Book Talk – Andy Warhol Was a Hoarder by Claudia Kalb

 

Image: Pixabay

Welcome to a new and occasional feature on Book Club Mom called Book Talk, home to quick previews of new and not-so-new books that catch my eye.

As soon as I heard about this book at the library where I work, I knew I was going to check it out. The author takes a close look at the personalities, quirks and all, of twelve famous people in history and compares their compulsions, eccentricities and ups and downs with the rest of the population. In her book, the author asks, “What constitutes ‘normal’ behavior?”

Kalb studies some fascinating historical figures. Here’s the full list:

Marilyn Monroe
Howard Hughes
Andy Warhol
Princess Diana
Abraham Lincoln
Christine Jorgensen
Frank Lloyd Wright
Betty Ford
Charles Darwin
George Gershwin
Fyodor Dostoevsky
Albert Einstein

Here’s Kalb’s book jacket bio:

“Claudia Kalb is an award-winning journalist who specializes in the fields of medicine, health, and science. A former senior writer at Newsweek who has contributed to Smithsonian and Scientific American, Kalb has penned hundreds of features on topics ranging from the science of emotional memory to genetic testing, painkiller addiction, and the origins of autism. She lives with her family in Alexandria, Virginia.”

I’m really looking forward to starting this book. I’m going to have to work it into my schedule, but I’m thinking this will be a good “Breakfast with a Book” selection!

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Breakfast at Tiffany’s by Truman Capote

Breakfast at Tiffany's book cover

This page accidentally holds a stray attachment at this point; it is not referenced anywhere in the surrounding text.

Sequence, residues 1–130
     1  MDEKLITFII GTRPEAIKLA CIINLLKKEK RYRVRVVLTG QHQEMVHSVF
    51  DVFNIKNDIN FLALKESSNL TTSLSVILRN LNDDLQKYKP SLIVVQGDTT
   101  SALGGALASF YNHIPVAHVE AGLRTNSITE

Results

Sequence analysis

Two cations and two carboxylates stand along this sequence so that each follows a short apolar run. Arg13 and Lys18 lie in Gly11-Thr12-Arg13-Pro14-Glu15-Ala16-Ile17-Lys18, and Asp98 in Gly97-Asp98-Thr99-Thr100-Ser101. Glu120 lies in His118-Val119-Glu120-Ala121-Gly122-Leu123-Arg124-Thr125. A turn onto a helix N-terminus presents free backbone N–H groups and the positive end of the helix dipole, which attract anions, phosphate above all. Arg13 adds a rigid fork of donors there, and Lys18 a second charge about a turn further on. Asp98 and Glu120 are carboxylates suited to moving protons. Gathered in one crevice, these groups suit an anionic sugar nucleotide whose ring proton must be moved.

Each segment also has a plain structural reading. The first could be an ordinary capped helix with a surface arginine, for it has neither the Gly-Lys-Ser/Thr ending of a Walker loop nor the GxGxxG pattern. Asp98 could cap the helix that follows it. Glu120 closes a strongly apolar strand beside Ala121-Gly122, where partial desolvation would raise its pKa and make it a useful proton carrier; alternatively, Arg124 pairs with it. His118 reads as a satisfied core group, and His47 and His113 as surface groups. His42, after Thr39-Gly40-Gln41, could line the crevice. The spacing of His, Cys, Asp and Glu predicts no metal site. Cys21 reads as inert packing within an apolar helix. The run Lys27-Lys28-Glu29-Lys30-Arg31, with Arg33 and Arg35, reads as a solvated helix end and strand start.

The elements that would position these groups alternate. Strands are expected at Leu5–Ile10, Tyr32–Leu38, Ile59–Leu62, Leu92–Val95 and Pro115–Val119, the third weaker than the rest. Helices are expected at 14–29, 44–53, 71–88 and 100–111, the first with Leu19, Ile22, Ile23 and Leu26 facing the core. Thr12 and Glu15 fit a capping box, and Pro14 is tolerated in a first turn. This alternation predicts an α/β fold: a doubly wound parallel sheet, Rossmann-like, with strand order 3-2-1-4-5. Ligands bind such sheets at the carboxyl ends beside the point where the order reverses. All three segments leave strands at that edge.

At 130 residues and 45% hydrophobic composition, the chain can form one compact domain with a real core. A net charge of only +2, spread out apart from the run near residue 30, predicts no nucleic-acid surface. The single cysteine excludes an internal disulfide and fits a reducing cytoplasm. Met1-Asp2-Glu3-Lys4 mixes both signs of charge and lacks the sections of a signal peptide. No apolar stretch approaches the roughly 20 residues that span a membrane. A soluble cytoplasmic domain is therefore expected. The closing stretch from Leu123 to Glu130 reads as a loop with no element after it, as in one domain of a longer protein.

Breakfast at Tiffany’s

by
Truman Capote

Rating:

It’s impossible not to think about Audrey Hepburn when you meet the real Holly Golightly in Breakfast at Tiffany’s, by Truman Capote. It’s been awhile since I watched the movie, which stars Hepburn, George Peppard and Patricia Neal. George Axelrod wrote the screenplay and the movie was directed by Blake Edwards. It’s so easy to picture Hepburn in that apartment, to hear her voice and remember her sophisticated clothes. Oh to be able to carry yourself like that…

But after a few pages, despite an accurate dialogue, I realized that Capote’s Holly is a much different and younger character and that the movie glosses over some things, embellishes others, adds a plot line and changes the ending! I’ve always remembered loving the movie, but the book is much better.

This novella, a little over one hundred pages, is really a character sketch of Holly. The narrator is Holly’s neighbor, unnamed in the book, a writer who befriends her and a few years later, tries to guess what has become of her.

And she is a girl, nineteen years old, a run-away from a sad past, who makes her money entertaining men. And she makes more money on the side visiting a Mafia boss in prison and delivering coded messages that help run a drug cartel.